He's even older than I am, but still sharp as the proverbial tack. (Tacks are small nails, and pretty sharp, but I'm not sure why they are considered smart. Maybe it's another thing I don't get, but Holmes is very smart). Upon greeting me at the door of his simple home, he was quick to make several of his famous deductions, to wit: “Ah, Mole. I observe that although you consider yourself an insectivore of the family Talpidae, you are fond of red meat and Scottish whisky, you do not smoke a pipe but indulge in cigars, own one, no two, cats, and spend a large part of your time reviewing papers and grants of a biomedical research nature. Please come in.” Of course, I was confounded, and my mind raced. Had he quickly identified different cat hairs about my person, noted a nicotine stain on the second finger of my left hand, and caught a spot of hamburger juice on my lapel? Before I could ask, he clarified, “Elementary, of course. Watson told me all about you, and I've had a glance at some of your columns. You really should have a Wiki page. I have several, you know.” (I did know, but there are much better sources of information, including the three volume, ‘Annotated Sherlock Holmes’ and the diligent detective work of the work of the Bakerstreet fandom group).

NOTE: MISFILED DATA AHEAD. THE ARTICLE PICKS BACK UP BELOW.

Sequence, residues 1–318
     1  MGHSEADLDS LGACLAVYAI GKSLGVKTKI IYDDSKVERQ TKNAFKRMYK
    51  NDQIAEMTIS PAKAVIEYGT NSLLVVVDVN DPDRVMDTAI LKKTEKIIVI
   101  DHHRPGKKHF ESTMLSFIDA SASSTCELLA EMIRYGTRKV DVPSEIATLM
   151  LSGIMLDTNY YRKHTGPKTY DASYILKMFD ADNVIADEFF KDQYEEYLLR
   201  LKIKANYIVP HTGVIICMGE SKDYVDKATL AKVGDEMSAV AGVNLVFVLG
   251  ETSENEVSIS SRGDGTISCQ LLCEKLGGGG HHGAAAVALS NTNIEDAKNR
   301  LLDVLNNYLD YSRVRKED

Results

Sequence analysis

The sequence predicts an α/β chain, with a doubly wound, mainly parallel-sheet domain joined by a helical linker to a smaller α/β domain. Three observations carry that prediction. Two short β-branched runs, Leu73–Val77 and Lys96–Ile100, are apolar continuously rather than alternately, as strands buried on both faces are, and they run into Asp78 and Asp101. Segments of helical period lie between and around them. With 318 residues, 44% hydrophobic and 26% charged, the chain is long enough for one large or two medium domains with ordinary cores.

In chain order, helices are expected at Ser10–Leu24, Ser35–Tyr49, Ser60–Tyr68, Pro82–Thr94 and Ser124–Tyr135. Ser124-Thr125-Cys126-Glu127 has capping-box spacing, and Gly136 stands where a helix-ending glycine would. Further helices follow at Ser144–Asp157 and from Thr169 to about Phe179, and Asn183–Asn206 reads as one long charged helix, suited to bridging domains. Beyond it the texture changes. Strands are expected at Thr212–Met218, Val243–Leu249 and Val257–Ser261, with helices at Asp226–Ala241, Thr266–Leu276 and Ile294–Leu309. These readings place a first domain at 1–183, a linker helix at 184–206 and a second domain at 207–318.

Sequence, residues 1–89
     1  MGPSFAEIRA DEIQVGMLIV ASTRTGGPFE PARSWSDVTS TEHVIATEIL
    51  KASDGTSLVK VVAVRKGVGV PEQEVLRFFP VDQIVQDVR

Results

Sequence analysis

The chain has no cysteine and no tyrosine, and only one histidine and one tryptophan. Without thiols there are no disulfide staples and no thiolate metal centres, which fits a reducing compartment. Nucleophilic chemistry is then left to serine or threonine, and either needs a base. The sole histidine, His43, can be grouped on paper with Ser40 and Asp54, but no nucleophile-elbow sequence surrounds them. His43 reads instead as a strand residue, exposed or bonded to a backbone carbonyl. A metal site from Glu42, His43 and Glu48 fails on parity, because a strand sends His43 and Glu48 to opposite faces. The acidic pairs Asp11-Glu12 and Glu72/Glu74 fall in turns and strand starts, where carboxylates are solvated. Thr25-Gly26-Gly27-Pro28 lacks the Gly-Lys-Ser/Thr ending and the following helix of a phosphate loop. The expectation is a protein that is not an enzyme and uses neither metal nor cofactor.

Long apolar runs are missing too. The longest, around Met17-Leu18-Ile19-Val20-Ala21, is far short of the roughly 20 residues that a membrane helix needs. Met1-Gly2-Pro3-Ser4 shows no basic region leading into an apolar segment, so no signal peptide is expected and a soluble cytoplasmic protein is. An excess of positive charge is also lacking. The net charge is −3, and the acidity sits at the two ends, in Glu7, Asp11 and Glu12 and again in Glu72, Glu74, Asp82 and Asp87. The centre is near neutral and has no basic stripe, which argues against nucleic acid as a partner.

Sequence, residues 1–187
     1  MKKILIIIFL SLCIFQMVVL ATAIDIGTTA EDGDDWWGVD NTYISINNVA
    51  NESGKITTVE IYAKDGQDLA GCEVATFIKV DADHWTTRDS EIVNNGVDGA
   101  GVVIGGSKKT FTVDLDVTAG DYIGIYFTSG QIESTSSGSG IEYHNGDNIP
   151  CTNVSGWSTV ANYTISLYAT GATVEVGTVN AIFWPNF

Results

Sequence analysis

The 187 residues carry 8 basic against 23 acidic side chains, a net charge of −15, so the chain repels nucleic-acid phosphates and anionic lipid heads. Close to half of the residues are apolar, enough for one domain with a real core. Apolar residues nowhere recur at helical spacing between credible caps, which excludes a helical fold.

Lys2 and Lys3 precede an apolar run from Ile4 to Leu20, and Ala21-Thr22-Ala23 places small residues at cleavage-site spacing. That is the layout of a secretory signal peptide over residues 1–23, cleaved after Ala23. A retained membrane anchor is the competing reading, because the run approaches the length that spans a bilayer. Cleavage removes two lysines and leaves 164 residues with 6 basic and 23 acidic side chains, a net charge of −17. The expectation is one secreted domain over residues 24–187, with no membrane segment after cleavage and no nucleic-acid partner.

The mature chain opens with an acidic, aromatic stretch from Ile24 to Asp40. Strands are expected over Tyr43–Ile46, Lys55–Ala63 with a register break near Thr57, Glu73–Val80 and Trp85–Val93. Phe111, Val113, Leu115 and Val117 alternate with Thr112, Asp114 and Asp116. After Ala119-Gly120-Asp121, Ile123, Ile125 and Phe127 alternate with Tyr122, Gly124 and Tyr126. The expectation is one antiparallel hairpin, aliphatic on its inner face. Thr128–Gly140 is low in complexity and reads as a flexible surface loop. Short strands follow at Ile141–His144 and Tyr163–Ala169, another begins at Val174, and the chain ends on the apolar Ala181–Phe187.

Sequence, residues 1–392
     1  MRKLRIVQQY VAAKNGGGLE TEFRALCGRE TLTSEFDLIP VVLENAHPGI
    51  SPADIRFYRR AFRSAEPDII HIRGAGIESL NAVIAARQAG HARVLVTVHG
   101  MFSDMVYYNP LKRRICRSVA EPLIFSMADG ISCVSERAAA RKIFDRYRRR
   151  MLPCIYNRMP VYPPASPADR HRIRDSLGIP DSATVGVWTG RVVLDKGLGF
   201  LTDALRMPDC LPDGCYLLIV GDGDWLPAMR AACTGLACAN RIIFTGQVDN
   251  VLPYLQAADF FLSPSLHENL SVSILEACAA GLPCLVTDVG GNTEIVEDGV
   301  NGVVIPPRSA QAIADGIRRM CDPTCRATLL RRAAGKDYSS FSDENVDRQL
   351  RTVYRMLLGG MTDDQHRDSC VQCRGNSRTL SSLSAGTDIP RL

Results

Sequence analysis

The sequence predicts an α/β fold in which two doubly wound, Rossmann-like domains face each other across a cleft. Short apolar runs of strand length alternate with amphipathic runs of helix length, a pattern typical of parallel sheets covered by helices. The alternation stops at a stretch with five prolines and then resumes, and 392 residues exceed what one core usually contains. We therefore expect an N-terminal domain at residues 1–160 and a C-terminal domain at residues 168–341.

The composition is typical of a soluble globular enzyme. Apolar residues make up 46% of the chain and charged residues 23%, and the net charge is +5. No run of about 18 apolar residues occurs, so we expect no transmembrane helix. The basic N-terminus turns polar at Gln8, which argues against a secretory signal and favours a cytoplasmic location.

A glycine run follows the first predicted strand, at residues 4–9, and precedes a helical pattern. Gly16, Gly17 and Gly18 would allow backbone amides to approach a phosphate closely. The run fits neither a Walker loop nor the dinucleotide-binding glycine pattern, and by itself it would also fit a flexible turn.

We made ourselves comfortable in his drawing room, and Holmes filled his pipe with black shag from his Persian slipper pouch on the mantelpiece. “The case is not without interest, although hardly a ‘three pipe’ problem. You have questions on the sources and causes of vaccine hesitancy and anti-vaccine zealotry. Let's take the simplest first.” He sat across from me and fixed me with his gaze.